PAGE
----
It's almost over. As I returned to my car today thinking about how different the market looks as fall settles heavily in, I feel a bit like Oscar Schindler. If I only I did more this year. I've catalogued all the wild mushrooms showing up, noticed the appearance of the occasional oddity like the nigerian eggplant and the danson plum, and told you which apples I purchased, but have I really captured the market, what it is like and how it changes each week.
I decided to do this report each week for a few reasons. Firstly, well because we go to the market nearly every week. It is a lot of fun seeing neighbors, hearing Connie the conner sing the star-bangled banner and eating fresh made donuts. Then, there is the product. Sure things taste better when you have some connection to those who brought it fourth, but the food also tastes a lot better because it is fresh, local, and in the case of Nichols, unsprayed. And you can find all sorts of things the supermarkets cannot achieve, like real tomatoes. So, I wanted to help promote this kind of shopping. But mostly, I just am absolutely, for some reason, joyed by the flow of the market. How things come and go. Is not one of the great things about concord grapes, not just their taste, but the long wait. The reports were meant to chronicle this passing of time. Now, as time races to forward with its crushing certainty, I realize how little I really got.
I failed generally to describe what the market looked like each week. What made it different beside the appearance of some product. In the end, is it a story or a shopping list? The biggest difference now, about the market, is the lack of shelter. Instead of hiding from the sun, vendors seek a bit of extra warmth by letting the fall sun beat directly on them. The lack of structures makes the market seem much more open. You can stand in one spot and see nearly everything whereas in the heat of August it *almost* seems like a Moroccan souk, all maze-like. Yet, now, I wish I better described that covered look back when it happened. Next year. It's either that, I start taking pictures like David.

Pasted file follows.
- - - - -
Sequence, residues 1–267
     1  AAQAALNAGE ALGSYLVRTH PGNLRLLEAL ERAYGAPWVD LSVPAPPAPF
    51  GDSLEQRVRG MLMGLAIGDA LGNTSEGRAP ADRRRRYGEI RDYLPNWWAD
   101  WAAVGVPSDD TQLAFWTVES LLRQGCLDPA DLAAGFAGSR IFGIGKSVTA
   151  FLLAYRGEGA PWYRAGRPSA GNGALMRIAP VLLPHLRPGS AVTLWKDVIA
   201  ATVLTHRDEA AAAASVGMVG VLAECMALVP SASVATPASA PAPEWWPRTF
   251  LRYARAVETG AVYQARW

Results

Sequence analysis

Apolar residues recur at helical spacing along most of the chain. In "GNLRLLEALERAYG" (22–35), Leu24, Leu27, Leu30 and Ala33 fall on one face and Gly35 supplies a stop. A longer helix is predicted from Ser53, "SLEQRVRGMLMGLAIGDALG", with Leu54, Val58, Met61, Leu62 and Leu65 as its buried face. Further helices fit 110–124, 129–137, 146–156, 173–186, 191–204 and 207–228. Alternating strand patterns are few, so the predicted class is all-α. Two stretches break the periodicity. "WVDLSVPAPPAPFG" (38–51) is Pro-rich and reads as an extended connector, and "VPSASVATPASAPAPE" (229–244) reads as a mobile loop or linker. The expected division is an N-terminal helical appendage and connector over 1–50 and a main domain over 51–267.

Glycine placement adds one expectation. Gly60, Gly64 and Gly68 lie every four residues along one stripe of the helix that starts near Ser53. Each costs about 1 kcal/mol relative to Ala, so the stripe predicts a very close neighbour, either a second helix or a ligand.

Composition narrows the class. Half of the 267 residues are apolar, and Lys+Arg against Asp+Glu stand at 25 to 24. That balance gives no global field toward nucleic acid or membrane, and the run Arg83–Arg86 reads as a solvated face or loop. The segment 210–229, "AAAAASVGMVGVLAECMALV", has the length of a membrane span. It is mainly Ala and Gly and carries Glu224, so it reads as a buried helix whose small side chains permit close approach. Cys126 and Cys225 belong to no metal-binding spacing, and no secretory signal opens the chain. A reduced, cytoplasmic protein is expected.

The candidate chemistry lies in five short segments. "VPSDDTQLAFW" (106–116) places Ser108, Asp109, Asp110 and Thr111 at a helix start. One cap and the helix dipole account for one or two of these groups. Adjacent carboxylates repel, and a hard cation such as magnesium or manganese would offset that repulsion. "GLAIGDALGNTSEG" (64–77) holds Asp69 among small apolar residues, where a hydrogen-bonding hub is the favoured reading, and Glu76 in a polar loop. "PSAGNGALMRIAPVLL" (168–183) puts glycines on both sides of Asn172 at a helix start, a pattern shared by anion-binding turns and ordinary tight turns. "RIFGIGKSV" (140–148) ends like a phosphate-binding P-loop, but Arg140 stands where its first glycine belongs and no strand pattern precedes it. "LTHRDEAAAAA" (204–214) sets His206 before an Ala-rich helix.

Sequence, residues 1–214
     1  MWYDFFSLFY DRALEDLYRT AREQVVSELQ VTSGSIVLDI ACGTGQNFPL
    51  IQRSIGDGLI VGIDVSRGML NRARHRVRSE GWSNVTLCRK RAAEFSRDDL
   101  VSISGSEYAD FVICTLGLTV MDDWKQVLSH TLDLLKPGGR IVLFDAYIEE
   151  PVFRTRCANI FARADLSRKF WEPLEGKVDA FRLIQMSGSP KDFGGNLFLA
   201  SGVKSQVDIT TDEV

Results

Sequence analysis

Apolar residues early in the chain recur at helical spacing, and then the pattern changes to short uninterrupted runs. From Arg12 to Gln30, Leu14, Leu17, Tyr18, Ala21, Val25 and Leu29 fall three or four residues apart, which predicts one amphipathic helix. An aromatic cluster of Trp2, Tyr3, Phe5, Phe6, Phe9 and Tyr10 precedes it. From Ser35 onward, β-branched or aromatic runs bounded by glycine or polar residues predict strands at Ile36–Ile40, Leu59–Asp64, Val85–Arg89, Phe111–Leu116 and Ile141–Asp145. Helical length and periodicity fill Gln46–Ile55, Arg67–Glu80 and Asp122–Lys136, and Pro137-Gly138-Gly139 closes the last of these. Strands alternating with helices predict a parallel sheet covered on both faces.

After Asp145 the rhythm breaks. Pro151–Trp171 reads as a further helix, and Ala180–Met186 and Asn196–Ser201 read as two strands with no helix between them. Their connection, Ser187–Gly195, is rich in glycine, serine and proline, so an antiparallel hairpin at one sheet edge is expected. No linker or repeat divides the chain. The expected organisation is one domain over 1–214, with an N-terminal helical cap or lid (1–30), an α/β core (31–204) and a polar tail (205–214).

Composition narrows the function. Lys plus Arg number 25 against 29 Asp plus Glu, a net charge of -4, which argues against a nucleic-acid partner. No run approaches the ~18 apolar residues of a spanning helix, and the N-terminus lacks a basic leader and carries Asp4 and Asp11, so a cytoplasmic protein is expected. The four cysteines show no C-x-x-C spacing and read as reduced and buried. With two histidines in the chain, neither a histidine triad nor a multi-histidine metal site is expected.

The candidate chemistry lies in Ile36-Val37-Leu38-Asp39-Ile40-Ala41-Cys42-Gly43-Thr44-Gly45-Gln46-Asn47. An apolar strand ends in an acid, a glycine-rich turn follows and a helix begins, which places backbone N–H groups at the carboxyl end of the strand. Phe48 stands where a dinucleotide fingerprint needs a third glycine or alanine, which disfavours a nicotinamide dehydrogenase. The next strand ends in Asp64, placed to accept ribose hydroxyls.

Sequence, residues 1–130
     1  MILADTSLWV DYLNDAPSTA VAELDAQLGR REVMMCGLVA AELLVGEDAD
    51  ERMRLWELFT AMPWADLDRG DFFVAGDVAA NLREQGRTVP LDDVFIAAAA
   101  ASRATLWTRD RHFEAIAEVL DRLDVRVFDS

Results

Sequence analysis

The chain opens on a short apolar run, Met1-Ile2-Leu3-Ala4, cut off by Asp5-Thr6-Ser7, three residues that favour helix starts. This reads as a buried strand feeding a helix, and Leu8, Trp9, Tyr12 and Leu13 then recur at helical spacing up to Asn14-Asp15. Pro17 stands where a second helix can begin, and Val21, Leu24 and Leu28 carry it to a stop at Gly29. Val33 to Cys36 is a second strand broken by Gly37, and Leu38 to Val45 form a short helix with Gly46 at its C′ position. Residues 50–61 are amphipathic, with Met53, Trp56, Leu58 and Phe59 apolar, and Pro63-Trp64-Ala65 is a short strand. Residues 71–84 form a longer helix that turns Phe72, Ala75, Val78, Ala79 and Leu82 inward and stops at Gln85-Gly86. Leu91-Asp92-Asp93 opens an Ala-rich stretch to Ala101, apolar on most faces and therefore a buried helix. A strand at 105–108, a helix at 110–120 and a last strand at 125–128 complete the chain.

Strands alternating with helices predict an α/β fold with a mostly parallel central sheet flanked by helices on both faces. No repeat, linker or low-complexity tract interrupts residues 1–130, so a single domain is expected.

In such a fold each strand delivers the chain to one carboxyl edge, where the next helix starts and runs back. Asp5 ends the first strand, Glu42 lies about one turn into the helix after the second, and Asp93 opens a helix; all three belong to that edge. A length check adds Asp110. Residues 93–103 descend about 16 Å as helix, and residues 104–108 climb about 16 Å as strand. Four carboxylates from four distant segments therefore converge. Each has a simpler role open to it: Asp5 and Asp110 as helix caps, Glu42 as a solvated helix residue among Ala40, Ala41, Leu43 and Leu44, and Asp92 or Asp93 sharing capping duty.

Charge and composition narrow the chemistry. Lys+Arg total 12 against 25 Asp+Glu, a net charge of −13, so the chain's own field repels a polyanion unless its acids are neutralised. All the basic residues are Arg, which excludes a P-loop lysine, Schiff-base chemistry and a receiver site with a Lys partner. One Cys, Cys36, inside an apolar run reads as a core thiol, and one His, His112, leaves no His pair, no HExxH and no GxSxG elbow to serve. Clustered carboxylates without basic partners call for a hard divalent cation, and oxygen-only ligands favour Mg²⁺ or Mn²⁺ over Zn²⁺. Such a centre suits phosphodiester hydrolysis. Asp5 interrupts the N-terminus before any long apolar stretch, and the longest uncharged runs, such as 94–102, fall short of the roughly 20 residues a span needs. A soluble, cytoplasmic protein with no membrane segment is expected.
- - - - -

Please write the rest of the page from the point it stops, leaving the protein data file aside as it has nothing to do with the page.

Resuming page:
I remember in years past, that the final weeks of the market seem real bare. A few squashes, apples of course, and tons of pumpkins. Today, may have been chilly, but the market still burst with goods. The Farm took over as the winner in the who can sell the largest head of cauliflower contest. They also had cabbages in various stages of steriod enhancement. Once could also make an insalata caprese well into October as great looking tomatoes still abounded at The Farm, Skibbes and Berry's Berries. Nichols, however, was reduced to green tomatoes harvested to profit from what ever was there before it got really cold.
Ok, on to the on-going features:
Concord grape update - See link below to a series of pictures from a dinner at Charlie Trotter's, notice course 8.
Apples chosen - fuji, something winesap, royal gala
Mushrooms spotted - hen of the woods (en masse and in individual lobes), puffers, dyades saddle, honey
Crabapples - no
Quince - yes
Donut - lousy again, they seemed to have been cryogentically sealed by the October weather.
See you next week, it is your LAST chance. Also, there should be a big ol' pot of stone soup brewing for a hearty breakfast.
For this week's image, I have decided to give in to the powers of gourdom, and offer a bit of pumpkin patch. The cat closely resembles the one who haunts our bungalow, a/k/a el gato stupido.
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